Current options for clinical treatment of ischemic strokes are currently very limited and there is a great need for interventions that can be safely administered during a period of several hours following the onset of a stroke and minimize neuronal loss. It has long been known that repetitive waves of spreading depolarizations (SD) (analogous to cortical spreading depression) occur in animal stroke models, but only recently has it been convincingly shown that SDs are very prevalent following human ischemic brain injuries. SDs produce massive ionic redistributions in neurons and glia, requiring the expenditure of metabolic energy to restore homeostasis. The repetitive SDs following ischemia place a severe additional metabolic demand on brain tissue that is already compromised by reductions in local blood flow. Thus approaches to prevent the onset and progression of these post-ischemic SD events, or even to limit their deleterious consequences, are likely to have substantial positive outcomes in clinical medicine. We have discovered that Zn2+ can play an important role in initiation of SD, and that Zn2+ release from synapses is substantial following each SD event. Zn2+ has previously been demonstrated to be toxic to both neurons and glia, and our overall hypothesis is that Zn2+ increases associated with SD make a significant contribution to injury following ischemia. We propose that this is due to Zn2+ accumulation in both neurons and astrocytes, which in turn 1) lowers the threshold for initiation of SD events and 2) serves as an upstream trigger for Ca2+ excitotoxicity. Studies in Aim 1 utilize hippocampal slice preparations from mice to evaluate the mechanisms of Zn2+ release and accumulation in single neurons and populations of astrocytes.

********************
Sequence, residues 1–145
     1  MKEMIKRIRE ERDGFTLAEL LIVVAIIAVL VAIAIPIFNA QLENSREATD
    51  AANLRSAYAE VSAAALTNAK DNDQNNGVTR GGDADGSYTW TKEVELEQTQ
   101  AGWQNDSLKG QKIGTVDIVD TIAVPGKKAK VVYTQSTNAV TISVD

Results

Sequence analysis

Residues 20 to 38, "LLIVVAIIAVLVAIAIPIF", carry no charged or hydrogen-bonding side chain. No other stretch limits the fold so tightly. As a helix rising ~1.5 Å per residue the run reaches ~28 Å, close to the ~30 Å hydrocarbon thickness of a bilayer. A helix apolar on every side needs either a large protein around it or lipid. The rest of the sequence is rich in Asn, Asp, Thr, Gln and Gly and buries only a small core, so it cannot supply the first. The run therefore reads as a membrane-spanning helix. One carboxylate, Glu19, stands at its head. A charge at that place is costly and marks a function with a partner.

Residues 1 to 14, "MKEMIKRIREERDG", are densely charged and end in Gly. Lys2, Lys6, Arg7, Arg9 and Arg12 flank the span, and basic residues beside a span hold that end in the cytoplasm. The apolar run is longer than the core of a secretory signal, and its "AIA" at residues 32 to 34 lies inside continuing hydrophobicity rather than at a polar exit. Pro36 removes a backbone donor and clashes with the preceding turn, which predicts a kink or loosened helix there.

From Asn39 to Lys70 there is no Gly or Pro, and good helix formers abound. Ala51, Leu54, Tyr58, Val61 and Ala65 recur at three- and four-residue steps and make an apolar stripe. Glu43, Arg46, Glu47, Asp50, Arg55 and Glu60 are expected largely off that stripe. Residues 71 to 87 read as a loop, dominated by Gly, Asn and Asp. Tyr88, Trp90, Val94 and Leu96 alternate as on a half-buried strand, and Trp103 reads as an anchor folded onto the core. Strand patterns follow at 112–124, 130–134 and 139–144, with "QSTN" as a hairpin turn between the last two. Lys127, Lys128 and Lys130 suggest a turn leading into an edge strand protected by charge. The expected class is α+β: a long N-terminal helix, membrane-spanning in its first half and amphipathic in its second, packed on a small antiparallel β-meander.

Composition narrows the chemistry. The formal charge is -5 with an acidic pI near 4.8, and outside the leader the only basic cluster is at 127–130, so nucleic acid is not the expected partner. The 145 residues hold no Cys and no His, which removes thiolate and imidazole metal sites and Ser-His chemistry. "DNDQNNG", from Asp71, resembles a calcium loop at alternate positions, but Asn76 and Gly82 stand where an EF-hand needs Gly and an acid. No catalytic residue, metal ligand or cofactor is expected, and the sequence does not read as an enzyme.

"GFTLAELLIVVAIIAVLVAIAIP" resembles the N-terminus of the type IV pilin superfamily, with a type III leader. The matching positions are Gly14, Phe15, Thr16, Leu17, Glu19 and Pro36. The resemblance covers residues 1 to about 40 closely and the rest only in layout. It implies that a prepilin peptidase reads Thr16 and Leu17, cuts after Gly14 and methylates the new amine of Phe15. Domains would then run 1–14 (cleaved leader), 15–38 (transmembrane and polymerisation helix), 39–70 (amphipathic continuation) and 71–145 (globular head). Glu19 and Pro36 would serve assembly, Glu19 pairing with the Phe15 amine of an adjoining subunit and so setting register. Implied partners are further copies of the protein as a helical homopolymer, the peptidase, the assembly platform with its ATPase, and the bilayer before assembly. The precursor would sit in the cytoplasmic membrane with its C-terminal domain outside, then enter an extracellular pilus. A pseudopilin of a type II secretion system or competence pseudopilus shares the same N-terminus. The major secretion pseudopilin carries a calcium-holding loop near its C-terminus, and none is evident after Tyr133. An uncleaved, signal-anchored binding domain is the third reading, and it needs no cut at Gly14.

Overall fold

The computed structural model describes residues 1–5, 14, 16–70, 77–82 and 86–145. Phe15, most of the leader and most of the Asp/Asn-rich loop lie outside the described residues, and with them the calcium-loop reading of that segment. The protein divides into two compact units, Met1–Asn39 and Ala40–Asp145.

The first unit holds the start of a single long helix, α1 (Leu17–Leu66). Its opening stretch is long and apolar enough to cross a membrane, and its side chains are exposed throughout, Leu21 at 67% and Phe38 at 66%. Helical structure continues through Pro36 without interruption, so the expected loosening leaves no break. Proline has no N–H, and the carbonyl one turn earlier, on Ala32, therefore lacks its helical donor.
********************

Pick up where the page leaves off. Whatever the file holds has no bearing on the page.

Aim 2 examines mechanisms by which Zn2+ can facilitate the onset of SD in hippocampal slices, including inhibition of astrocyte uptake function and up-regulation of neuronal NMDA receptor function.
Aim 3 tests the hypothesis that Zn2+ is upstream of Ca2+ deregulation following SD, and tests whether interventions that disrupt the processes identified in Aims 1&2 provide significant improvements in neuronal viability in brain slice and in vivo. Slice studies of synaptic structure and function will be complemented by in vivo studies of focal ischemia in mice.
Each aim should independently provide significant new information for the field, and when taken together, these mechanistic studies should suggest novel approaches to limit the consolidation and spread of ischemic brain injury.
This project is designed to identify new approaches to limit the deleterious consequences of a stroke. Following a stroke, aberrant waves of brain activation contribute to the spread of injury. This project is designed to identify new approaches to limit the onset, or consequences, of these spreading waves of activation and thereby improve functional recovery.
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